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Trulia's IPO Tests Appetite For Tech Start-Ups


The real estate website Trulia is successfully riding the housing recovery, and has just gone public. After one day of trading, the San Francisco-based company is valued at well over half-a-billion dollars.

From our member station KQED, Aarti Shahani reports this is seen as a boost for the tech sector after Facebook's shaky plunge into the stock market.


AARTI SHAHANI, BYLINE: San Francisco realtor Shaban Shakoori and I hop out of his silver BMW. We're house-hunting with the Trulia.com mobile app on our phones.

SHABAN SHAKOORI: This is 1958 Sacramento Street.

SHAHANI: I see. So, we're standing in front of this property, not for sale sign, but we know it's for sale because it's showing up on our smartphones.

SHAKOORI: That's right. It's showing up on our smartphones, and it's showing us all of the square footage, price per foot, and how many views there have been, which is a really unique metric, because normally, you don't see that unless it's your own listing. You might want to factor that in when making an offer.

SHAHANI: Now, you are, in fact, part of the business model, Shaban. You pay the company for your name and number to pop up on people's Androids and iPhones when they're house-hunting.

SHAKOORI: I pay a few hundred dollars a month for that.

SHAHANI: How many people do you get calling you?

SHAKOORI: I usually get a few calls a week.

SHAHANI: Shakoori and Trulia are both treading new waters. The online real estate company put up a for sale sign on its own stock yesterday, opening at the New York Stock Exchange at $22 a share - well above the asking price.

By law, Trulia employees can't grant interviews right now. Sam Hamadeh, CEO of the research firm PrivCo, says Trulia's initial public offering is the first real test of the market's appetite for technology start-ups since Facebook's rocky debut.

SAM HAMADEH: Right now, in Silicon Valley, everyone from venture capital firms to private companies with IPOs in the pipeline to bankers are breathing a collective sigh of relief, you can almost hear, audibly.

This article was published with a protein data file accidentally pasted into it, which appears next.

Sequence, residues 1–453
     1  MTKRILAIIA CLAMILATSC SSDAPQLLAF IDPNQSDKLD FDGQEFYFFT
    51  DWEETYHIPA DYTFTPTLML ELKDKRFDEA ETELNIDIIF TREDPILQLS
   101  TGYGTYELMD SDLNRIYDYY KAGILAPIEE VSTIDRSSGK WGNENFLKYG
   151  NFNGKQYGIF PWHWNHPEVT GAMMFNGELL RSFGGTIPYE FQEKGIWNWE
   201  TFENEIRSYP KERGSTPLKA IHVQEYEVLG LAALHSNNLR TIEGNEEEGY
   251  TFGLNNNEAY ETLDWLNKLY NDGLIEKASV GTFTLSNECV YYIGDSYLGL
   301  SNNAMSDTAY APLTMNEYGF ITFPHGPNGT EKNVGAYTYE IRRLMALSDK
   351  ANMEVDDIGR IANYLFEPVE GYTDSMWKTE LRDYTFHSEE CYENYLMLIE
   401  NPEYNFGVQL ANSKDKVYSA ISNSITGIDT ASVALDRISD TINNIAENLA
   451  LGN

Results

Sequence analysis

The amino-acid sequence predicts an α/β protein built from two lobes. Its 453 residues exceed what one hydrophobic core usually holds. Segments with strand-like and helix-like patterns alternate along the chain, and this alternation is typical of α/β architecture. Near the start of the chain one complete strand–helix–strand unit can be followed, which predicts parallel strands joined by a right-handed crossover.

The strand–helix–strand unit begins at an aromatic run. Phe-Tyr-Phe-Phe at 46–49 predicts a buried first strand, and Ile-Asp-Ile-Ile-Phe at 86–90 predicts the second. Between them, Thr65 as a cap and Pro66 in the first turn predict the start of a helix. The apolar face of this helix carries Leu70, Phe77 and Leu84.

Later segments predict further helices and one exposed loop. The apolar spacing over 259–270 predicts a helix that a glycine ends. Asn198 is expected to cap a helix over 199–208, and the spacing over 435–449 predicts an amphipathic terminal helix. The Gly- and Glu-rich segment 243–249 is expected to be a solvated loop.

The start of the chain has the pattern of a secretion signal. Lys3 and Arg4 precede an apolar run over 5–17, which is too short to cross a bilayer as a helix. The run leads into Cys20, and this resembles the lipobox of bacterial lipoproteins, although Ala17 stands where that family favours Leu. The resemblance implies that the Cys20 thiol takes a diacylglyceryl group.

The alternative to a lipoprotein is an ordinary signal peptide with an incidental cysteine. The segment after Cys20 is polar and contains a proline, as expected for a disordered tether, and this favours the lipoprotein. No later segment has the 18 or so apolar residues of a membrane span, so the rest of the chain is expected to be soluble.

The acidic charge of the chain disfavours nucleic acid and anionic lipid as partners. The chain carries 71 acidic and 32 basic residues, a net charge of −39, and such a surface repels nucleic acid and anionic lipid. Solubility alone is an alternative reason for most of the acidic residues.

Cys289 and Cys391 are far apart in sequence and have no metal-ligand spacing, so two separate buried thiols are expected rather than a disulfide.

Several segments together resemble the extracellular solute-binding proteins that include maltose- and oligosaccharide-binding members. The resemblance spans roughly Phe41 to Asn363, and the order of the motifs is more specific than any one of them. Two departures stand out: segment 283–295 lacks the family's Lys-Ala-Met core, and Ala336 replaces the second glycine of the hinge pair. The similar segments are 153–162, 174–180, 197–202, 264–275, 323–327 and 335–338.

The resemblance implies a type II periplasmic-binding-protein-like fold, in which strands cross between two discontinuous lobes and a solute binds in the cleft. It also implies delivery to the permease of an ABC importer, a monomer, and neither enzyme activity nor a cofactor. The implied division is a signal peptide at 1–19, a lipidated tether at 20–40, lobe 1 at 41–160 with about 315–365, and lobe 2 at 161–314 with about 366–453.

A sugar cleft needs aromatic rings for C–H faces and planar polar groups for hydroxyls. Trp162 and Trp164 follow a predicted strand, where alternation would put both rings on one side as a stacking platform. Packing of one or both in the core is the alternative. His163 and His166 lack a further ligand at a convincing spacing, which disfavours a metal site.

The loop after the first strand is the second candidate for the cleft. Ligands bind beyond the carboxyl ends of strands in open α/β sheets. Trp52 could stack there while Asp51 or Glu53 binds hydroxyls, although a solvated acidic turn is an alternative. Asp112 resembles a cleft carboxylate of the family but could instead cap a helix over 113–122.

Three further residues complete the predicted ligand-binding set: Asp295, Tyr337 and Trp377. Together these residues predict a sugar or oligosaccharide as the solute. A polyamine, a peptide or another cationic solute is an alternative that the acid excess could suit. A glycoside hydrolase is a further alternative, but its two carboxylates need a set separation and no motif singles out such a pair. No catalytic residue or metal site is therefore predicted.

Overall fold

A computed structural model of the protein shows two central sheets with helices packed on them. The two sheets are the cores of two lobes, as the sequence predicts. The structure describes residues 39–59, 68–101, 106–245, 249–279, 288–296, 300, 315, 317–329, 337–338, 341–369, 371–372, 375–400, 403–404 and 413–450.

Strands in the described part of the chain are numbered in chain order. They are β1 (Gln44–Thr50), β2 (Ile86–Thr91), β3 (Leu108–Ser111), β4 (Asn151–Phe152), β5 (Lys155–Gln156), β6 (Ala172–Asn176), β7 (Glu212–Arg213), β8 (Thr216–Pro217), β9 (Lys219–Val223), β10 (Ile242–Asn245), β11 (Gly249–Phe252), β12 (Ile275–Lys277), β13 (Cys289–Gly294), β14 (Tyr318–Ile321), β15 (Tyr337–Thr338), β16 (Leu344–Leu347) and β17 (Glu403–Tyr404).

SHAHANI: Trulia makes money by selling advertisements and subscriptions to realtors. While Trulia has not yet turned a profit, Hamadeh estimates its revenue nearly doubled in the last year, climbing to $77 million.

HAMADEH: If they're losing realtors, then no question that the value of the company will be hurt, the revenue will be hurt, and they will be hurt. So they must make sure that they have enough on the demand side from house-hunters to keep those realtors actually closing deals.

SHAHANI: Trulia is part of a cottage industry that's moving real estate listings from newspapers to websites and smartphones. Competitors include Redfin, Realtor-dot-com and Zillow.

Spencer Rascoff, the CEO of Zillow, says these companies don't depend on the housing market, so much as help it.

SPENCER RASCOFF: It's about giving consumers access to information that previously was locked up in county courthouses or secret databases. Information is power, and to the extent that home shoppers have information at their fingertips, I believe that's good for the economy and that's good for the real estate market.

SHAHANI: The realtor Shaban Shakoori agrees that these websites and mobile apps are modernizing his business.

SHAKOORI: You know, it's a good way for me to meet clients, and it's a good way for clients to reach me, because there are so many of us out there.

SHAHANI: It's like a dating service.


SHAKOORI: Yes. It's a little less romantic.

SHAHANI: As for the stock, Shakoori says he'll buy a Trulia share after he closes his first Trulia deal.

For NPR News, I'm Aarti Shahani, in San Francisco. Transcript provided by NPR, Copyright NPR.

Aarti Shahani is a correspondent for NPR. Based in Silicon Valley, she covers the biggest companies on earth. She is also an author. Her first book, Here We Are: American Dreams, American Nightmares (out Oct. 1, 2019), is about the extreme ups and downs her family encountered as immigrants in the U.S. Before journalism, Shahani was a community organizer in her native New York City, helping prisoners and families facing deportation. Even if it looks like she keeps changing careers, she's always doing the same thing: telling stories that matter.